UNITED CHURCH OF THE VALLEY
There’s a fresh wind blowing in the Murrieta/Temecula Valley. It is the wind of openness and inclusiveness, the fresh breeze of a community built upon an affirmation approach to life which respects the customs and integrity of all persons. This fresh wind is called United Church of the Valley. This church comes from a tradition of calling and gathering God’s people to respond to the world with new eyes and new hearts. It is a church of vision and involvement. We unashamedly work hand in hand with our God to dismantle the fences which have been erected between people. We follow God’s vision of a just world where all will live peacefully, growing in their concern for each other.
our amazing little church is first and foremost about the relationships that matter most. Those between each of us, our church and our community and God’s love for each of us no matter what station we are at presently. Generosity happens when there is trust and clear vision for the ministry of the church. Disaster and disease isolate. Financial recession and unemployment compound our crisis. Racial injustice and political conflict divide. The healing ministry role of the church has never been greater.
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What Does "All Are Welcome" Really Mean?
I have been in discussion over the past week or so with many friends from our little church about the word “welcome.” What do we mean as a church when we say, “All Are Welcome?” It’s a good question because I imagine most churches say, “All Are Welcome,” and they mean it, but I think it might mean different things to different congregations. In our congregation I think the meaning is found in our public covenant of “Open and Affirming (ONA).” This is a designation that we voted on many years ago and re-confirmed just last Sunday. On the UCC website ONA is defined this way:
“Open and Affirming (ONA) is the United Church of Christ’s (UCC) designation for congregations, campus ministries, and other bodies in the UCC which make a public covenant of welcome into their full life and ministry to persons of all sexual orientations, gender identities, and gender expressions.”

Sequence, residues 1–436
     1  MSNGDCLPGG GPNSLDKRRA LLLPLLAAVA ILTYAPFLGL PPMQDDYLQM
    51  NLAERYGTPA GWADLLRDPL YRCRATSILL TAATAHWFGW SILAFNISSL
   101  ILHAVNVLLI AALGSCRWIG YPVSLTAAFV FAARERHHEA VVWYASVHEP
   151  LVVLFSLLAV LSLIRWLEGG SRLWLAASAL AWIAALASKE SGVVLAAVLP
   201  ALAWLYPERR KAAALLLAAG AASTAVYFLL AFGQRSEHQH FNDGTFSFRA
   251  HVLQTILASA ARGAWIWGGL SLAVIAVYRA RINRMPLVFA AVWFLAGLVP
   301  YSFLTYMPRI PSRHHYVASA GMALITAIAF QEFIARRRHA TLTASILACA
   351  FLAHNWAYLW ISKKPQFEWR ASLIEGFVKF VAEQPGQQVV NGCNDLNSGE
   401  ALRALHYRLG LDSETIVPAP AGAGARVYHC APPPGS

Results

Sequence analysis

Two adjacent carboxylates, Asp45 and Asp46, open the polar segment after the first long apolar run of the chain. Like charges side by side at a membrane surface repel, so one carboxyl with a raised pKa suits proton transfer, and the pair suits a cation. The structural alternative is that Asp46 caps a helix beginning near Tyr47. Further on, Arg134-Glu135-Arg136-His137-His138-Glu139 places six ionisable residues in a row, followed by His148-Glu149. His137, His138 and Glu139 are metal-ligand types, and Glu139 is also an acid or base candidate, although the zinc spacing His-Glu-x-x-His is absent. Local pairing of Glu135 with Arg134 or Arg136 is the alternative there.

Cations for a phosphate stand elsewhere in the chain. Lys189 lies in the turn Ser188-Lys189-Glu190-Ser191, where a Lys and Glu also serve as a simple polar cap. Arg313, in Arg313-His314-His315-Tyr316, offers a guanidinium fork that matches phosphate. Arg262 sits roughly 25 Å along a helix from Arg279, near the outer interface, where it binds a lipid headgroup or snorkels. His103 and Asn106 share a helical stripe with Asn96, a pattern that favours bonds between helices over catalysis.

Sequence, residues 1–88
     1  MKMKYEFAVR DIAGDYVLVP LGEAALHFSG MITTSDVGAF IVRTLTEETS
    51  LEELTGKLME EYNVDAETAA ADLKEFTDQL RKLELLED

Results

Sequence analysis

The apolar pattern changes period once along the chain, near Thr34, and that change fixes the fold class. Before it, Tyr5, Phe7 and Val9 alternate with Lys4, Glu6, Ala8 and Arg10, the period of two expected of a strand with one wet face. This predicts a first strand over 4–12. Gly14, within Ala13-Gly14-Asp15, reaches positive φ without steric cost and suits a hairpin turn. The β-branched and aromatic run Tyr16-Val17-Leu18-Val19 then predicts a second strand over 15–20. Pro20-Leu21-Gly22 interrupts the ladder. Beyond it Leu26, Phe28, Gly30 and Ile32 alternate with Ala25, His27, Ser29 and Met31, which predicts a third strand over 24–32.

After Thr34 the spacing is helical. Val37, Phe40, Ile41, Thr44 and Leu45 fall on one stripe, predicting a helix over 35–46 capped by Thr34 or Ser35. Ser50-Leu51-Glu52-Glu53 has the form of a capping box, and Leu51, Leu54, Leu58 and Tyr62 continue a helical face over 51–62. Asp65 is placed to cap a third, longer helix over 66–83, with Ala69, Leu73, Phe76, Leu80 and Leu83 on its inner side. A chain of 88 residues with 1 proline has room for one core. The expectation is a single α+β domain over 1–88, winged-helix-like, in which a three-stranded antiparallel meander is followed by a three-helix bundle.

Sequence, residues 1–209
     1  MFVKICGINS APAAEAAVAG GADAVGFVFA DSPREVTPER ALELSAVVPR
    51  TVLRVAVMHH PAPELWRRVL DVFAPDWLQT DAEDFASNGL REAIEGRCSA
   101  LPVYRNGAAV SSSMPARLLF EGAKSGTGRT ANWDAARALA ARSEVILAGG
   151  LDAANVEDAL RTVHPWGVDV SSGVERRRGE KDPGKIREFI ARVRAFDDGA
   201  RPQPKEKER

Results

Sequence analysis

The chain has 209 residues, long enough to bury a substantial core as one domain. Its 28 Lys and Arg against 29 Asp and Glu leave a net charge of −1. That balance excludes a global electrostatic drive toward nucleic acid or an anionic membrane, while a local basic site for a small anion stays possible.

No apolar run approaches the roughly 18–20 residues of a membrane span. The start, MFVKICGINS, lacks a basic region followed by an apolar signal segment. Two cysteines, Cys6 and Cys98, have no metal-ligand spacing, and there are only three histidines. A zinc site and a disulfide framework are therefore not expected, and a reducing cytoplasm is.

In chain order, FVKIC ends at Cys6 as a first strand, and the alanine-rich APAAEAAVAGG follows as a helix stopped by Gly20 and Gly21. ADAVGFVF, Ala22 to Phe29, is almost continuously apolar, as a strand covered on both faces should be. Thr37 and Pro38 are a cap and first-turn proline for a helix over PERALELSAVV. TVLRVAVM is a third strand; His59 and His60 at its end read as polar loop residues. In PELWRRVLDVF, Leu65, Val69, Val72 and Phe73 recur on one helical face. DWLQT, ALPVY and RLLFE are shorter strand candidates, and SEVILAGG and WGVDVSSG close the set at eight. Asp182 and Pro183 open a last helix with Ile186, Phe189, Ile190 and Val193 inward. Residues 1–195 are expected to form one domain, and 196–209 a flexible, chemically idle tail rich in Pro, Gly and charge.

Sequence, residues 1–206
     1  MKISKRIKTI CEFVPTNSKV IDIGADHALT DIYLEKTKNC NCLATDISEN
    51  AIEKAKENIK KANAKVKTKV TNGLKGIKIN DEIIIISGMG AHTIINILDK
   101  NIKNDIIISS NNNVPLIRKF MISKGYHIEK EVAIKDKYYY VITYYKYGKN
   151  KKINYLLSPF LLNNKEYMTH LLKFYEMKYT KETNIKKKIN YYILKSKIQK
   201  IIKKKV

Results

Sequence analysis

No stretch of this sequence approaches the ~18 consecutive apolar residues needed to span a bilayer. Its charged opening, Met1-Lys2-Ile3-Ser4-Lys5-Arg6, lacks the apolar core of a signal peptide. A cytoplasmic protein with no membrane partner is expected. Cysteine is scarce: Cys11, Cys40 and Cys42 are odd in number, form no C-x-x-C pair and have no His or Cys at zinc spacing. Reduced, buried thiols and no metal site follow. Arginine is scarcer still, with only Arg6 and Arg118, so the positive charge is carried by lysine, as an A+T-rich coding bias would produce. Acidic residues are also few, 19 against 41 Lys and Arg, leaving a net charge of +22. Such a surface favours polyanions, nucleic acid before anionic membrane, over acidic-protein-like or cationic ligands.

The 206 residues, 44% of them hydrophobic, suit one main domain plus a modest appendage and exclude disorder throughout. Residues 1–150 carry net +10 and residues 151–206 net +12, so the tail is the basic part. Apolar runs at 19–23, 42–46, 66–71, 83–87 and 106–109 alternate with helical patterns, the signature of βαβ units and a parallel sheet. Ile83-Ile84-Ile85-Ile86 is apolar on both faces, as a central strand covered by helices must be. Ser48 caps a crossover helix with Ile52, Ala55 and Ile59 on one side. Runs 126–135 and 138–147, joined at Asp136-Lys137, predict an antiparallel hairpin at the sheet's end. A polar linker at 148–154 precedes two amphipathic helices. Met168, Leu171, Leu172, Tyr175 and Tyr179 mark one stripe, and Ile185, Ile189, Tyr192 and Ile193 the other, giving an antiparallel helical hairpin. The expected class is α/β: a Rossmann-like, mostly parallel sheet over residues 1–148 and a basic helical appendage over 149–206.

In another article on the UCC website I found this statement which further clarified for me what our welcome means.
‘All Are Welcome’ isn’t enough
“Lesbian, gay, bisexual and transgender (LGBT) people of faith often experience emotional and spiritual injury in churches that condemn their capacity to love and seek love. Because they’ve learned that “All Are Welcome” usually doesn’t apply to them, they can’t assume that any church will be safe for them and their families.”
After the many conversations I’ve had with friends throughout this week and especially after hearing Stephanie’s sermon last Sunday, this statement reads loud and clear to me. Interestingly, I (a straight, middle-class, white guy) also feel welcome by our ONA statement. This is a community I want to be part of. This is where I want to be.
When we invite people to participate in our church we should lead with this welcome. We should clarify what we mean by “All Are Welcome.” This way, we are welcoming them honestly and genuinely while also preserving our community as a place where people who are otherwise marginalized know they have a home.
*Taken from Jamie Barnett's article in Moderator Monday
The Difficult Question
We now have a place where difficult and uncomfortable questions can be asked. Where the questions, opinions, ideas, suggestions, "answers" will not be judged right or wrong. The only “Rule” would be that all discussions be done in love, with compassion and without judgement. This will be a safe place for those seeking input, insight and discussion on perhaps awkward and/or difficult questions. Please contact Deb Hudson if you have any questions about the group. Tuesdays 6pm - 7pm